Amazon Invents Vibrating Wristband to Control Workers’ Movements

More on the steady progress of western industrial management towards Orwellian totalitarianism. In this clip from the Jimmy Dore Show, Dore and his guest, Ron Placone, discuss the invention by Amazon of a wristband, which uses information technology to monitor where workers are in a building. The wristband is intended to be worn by warehouse workers. If they don’t have their hands in quite the right place when they’re reaching for a product on the warehouse shelves in order to fulfil an order, the wristband vibrates in order to nudge them in the right direction. The company is promoting this as a way of getting its workers to get the requested goods from their shelves and off to the customer, and then move on to the next order.

Dore and Placone make the point that this is indeed deeply totalitarian, with Placone mentioning the theory of inverted totalitarianism proposed by one academic. This states that while previous totalitarianisms were all about the state ordering you what to do, the new, inverted totalitarianism is also all about absolute control, but this time it’s done for your convenience and benefit.

They also make the excellent point that Amazon is a company worth billions, but in America many of their workers are so poorly paid that they have to subsist on food stamps.

They also joke that this wristband will allow Amazon to control exactly what their workers are doing, right up to the point when they decide to replace them all with robots.

I put up a piece last week about the growing threat of totalitarianism in the workplace, noting the ways various companies from call centres to the Torygraph are using technology to try to control their workers’ movements. In the case of call centres, it’s done through motion detectors fixed to desks, so management can tell when their galley slaves are moving about. The weirdo Barclay twins, who own the Torygraph, tried to introduce it there, but the hacks revolted and their bonkers plan had to be abandoned. These schemes are increasingly getting to resemble the fictional, evil totalitarian corporations in dystopian Science Fiction, like that in Jack Womack’s cyberpunk novels Ambient, Heathern, Random Acts of Mindless Violence and Elvissey.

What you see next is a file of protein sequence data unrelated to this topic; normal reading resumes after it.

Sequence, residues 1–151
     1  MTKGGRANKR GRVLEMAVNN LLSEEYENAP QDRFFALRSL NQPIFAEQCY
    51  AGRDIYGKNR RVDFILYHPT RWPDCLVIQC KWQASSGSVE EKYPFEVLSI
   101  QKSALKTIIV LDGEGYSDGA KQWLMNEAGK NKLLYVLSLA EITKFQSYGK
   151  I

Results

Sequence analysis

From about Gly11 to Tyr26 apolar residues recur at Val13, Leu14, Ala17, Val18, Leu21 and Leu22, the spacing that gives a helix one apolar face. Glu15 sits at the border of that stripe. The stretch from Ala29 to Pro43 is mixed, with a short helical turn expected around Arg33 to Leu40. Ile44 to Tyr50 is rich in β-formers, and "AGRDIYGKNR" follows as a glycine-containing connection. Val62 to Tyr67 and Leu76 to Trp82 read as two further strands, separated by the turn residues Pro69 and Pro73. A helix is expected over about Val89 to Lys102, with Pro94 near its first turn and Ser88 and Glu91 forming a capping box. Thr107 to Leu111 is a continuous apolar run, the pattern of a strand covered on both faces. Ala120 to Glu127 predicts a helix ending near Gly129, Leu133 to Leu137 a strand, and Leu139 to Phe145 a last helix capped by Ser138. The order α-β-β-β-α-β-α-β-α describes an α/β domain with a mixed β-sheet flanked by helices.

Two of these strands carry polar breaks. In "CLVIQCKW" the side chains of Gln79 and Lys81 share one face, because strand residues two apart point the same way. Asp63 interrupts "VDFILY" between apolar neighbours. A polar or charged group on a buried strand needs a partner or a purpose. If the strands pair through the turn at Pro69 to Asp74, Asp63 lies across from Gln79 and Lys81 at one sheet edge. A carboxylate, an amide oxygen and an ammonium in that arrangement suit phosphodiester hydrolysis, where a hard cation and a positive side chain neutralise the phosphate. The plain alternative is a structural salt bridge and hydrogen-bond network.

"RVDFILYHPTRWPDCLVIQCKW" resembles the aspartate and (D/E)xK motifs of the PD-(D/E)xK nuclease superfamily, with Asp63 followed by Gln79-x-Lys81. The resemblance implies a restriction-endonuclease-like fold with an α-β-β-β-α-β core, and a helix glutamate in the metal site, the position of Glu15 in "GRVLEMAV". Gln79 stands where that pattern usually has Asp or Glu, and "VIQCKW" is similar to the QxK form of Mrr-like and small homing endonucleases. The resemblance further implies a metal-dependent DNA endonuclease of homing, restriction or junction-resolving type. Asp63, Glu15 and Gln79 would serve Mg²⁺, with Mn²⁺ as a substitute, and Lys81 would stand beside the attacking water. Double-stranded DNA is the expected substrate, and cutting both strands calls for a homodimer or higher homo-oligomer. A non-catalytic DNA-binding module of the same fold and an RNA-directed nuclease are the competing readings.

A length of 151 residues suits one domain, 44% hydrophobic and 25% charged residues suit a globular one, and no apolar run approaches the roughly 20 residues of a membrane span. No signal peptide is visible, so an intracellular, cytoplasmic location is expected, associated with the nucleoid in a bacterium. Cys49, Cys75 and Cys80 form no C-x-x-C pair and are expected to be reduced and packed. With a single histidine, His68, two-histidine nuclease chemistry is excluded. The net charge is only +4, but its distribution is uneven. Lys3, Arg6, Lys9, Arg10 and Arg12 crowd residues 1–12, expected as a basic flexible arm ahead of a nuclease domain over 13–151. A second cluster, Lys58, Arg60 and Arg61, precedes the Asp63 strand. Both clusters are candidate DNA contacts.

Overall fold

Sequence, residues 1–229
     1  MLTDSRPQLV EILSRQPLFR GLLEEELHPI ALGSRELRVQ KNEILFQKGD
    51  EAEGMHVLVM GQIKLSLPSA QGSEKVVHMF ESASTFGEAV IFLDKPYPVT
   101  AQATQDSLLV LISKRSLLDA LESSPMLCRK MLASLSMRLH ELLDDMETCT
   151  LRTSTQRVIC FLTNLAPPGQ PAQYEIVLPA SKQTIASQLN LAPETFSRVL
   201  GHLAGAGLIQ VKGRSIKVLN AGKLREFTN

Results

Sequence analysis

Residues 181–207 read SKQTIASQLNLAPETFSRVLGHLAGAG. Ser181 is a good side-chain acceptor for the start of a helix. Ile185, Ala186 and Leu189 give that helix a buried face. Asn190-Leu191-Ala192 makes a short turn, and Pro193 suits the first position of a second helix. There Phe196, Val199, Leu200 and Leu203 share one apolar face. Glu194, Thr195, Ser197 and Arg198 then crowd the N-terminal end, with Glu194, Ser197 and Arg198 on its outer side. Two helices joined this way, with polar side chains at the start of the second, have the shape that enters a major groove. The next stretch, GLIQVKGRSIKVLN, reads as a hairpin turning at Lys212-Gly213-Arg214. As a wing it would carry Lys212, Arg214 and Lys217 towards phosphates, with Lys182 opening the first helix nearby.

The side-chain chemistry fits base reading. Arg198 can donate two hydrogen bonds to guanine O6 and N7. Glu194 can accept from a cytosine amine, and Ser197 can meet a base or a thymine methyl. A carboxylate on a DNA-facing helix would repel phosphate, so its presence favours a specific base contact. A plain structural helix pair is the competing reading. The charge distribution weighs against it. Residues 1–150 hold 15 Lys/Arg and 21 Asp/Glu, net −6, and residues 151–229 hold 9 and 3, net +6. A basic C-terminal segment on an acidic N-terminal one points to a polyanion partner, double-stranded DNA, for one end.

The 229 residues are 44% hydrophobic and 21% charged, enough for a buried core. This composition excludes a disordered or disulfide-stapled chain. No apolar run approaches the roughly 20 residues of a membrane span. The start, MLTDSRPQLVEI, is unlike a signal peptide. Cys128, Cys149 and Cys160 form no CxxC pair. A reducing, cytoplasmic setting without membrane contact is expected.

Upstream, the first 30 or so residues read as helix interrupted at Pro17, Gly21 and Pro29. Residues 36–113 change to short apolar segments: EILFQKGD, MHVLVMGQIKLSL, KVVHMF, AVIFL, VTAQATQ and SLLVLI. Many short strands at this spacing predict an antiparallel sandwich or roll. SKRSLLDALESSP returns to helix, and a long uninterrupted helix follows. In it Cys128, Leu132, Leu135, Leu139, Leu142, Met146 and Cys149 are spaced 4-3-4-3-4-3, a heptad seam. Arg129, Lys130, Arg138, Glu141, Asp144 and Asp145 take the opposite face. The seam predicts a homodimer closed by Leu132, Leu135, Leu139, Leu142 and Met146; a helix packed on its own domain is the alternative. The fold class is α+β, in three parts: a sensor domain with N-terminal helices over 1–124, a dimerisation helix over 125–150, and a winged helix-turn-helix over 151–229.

And it also gives Brits another reason to despise Amazon, apart from the fact that despite doing much of its business over here, it doesn’t pay any corporation tax.

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4 Responses to “Amazon Invents Vibrating Wristband to Control Workers’ Movements”

  1. ilhanbejar Says:

    Facing robots human must shut up. But this is a shame. In France we try not to control at what time you arrive, when you finish your work. You need to proove globally how many hours you worked in a week, in a month… This is progress ! Technology can be used for good and for worst. This application we can read here is for worst ! Thanks for free expression. Beatslakhah 😉

    • beastrabban Says:

      Thanks for the comment, ilhanbejar. Yes, there’s something peculiar about this use of technology to monitor and control workers to the Anglophone world. When business managers invented devices like this, I do wish our culture was just a bit more like the French and allow greater freedom to their workers. 🙂

  2. Colin Wilkes Says:

    This reminds me of a factory I worked in ,in the 1970’s. All the production workers were provided with free boiler suite’s. Very good of the employer you may say. But, there was a good reason from the employers point of view. Every department had their own colour of boiler suite. So if you were in a department other than that to which you belonged you stood out like a sore thumb. This then led to being questioned ,usually by a foreman in who’s department you shouldnt have been in to posing questions as to why you were not in your own department . Not that sort of Workers Control that is off interest to me.

    • Beastrabban Says:

      Very interesting perspective there, Colin. Clearly the bosses have been trying to control workers’ movements absolutely for a very long time. It’s just now they’ve got new technology to do it.

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